Soon after I finished my theological education, I was asked to become pastor of a congregation in Southern Illinois. This was my first great awakening to the realities of pastoral leadership, and it was an uncomfortable experience.
The skills (or gifts) that led the congregation to invite me to be their spiritual leader were probably my enthusiasm, my preaching, and my apparent ability, even as a young man, to reach out to people and make them feel cared for.
The position description called for me to report to a board of deacons who, while well-intentioned, were not highly experienced in organizational leadership. It also said that I was responsible to lead a staff that consisted of a secretary, a Christian education assistant, two day-school teachers, a part-time choir director, and a janitor.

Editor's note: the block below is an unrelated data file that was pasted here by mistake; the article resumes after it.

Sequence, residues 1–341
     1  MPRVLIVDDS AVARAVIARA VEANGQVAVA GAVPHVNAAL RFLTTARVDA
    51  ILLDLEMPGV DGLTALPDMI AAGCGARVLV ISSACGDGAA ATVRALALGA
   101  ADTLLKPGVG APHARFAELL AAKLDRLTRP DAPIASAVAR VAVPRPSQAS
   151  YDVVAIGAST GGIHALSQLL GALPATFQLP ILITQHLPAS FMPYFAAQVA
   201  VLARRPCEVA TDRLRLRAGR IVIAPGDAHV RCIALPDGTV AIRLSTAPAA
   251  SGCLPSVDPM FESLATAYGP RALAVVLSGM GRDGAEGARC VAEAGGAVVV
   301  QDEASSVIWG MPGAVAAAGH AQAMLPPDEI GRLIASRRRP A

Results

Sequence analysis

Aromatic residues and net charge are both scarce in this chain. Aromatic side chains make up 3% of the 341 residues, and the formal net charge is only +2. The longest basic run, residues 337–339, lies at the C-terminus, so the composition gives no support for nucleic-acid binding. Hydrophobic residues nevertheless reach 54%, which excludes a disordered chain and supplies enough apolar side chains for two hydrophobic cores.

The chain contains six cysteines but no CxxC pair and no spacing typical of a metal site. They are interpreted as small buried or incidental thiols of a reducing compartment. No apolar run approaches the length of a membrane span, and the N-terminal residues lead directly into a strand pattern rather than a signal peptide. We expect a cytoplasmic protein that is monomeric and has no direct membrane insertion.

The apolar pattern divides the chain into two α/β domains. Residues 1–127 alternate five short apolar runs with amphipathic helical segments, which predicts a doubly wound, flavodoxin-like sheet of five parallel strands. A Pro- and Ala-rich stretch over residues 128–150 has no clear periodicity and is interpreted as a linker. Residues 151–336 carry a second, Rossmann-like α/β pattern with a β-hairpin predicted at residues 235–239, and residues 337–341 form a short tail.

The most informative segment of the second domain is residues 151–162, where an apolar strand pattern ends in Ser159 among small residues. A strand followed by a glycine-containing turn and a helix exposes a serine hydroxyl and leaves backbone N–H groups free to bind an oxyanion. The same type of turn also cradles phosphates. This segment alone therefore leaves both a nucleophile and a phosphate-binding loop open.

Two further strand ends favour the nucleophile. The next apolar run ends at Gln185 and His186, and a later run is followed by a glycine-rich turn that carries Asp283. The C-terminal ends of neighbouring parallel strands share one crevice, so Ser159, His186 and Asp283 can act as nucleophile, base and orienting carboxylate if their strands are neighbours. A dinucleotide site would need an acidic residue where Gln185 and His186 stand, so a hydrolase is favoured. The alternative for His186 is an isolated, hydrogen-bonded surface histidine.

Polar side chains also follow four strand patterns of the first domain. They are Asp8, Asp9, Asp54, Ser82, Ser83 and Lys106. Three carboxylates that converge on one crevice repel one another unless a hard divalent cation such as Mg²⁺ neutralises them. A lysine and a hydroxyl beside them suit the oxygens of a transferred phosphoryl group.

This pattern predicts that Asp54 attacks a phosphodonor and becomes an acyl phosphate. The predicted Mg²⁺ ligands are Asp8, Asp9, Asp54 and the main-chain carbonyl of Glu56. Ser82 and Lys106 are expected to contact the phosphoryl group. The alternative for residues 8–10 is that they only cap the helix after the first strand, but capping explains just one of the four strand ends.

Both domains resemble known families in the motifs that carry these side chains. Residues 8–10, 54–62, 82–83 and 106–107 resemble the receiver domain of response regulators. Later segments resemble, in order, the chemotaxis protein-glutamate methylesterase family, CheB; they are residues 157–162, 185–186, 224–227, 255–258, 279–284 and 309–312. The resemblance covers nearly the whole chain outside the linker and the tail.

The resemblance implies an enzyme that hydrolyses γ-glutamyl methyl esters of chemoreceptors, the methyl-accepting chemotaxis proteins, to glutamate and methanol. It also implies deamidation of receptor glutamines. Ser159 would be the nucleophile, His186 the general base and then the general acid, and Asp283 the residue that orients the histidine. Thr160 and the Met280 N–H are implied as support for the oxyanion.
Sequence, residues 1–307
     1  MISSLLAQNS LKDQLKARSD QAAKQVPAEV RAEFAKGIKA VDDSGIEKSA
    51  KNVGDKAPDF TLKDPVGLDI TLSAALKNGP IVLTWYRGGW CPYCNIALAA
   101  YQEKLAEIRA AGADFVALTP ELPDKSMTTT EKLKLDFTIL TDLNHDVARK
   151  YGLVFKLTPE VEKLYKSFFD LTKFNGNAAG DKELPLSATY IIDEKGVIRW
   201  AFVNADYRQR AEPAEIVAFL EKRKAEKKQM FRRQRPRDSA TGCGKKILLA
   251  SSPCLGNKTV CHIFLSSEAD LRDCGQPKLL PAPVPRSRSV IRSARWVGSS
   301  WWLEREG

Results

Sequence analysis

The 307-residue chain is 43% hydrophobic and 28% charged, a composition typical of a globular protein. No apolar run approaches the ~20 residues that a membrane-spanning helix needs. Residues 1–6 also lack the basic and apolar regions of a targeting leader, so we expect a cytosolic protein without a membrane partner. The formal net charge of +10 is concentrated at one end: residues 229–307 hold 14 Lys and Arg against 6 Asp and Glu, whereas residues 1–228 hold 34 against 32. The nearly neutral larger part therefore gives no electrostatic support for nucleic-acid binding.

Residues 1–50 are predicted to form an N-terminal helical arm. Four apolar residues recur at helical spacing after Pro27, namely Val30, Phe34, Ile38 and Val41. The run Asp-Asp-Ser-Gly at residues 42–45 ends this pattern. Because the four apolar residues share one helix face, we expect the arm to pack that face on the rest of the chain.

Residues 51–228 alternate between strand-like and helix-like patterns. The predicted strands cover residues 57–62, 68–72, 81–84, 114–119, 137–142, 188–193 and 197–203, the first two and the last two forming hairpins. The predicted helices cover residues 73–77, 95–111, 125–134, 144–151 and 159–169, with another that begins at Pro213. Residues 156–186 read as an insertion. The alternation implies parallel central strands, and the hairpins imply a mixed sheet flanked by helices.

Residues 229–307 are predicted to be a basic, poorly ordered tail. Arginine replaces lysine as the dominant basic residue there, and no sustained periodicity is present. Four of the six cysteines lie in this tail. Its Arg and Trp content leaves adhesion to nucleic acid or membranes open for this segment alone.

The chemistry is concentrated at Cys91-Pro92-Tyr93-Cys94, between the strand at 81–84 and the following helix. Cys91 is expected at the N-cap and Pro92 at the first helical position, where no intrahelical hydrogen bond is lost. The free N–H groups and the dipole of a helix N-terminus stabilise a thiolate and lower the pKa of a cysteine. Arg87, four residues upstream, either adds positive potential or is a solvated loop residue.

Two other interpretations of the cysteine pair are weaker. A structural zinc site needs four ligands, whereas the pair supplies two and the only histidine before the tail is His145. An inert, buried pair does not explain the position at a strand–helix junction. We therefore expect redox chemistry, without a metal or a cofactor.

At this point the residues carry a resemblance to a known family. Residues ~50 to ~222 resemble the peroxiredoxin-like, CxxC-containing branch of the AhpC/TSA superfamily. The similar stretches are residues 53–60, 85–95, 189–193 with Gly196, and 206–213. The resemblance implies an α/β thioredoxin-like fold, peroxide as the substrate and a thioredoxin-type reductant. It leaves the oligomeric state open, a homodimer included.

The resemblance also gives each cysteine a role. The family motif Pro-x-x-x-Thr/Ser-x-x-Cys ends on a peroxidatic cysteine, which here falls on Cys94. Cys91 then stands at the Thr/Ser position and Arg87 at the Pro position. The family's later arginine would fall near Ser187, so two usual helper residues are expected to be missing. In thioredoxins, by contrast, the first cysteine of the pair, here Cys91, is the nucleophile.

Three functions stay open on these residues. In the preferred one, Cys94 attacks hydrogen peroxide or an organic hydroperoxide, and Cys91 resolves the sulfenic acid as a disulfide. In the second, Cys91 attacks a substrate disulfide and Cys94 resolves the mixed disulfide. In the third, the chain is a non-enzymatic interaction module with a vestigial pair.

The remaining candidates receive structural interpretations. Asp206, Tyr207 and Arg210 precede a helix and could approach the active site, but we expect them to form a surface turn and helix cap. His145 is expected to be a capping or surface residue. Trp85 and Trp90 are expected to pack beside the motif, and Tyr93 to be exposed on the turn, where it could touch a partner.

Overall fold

What it didn't say was that the congregation was seriously divided and disillusioned due to an acrimonious split in which the previous pastor had persuaded a hundred people to join him in leaving the ...1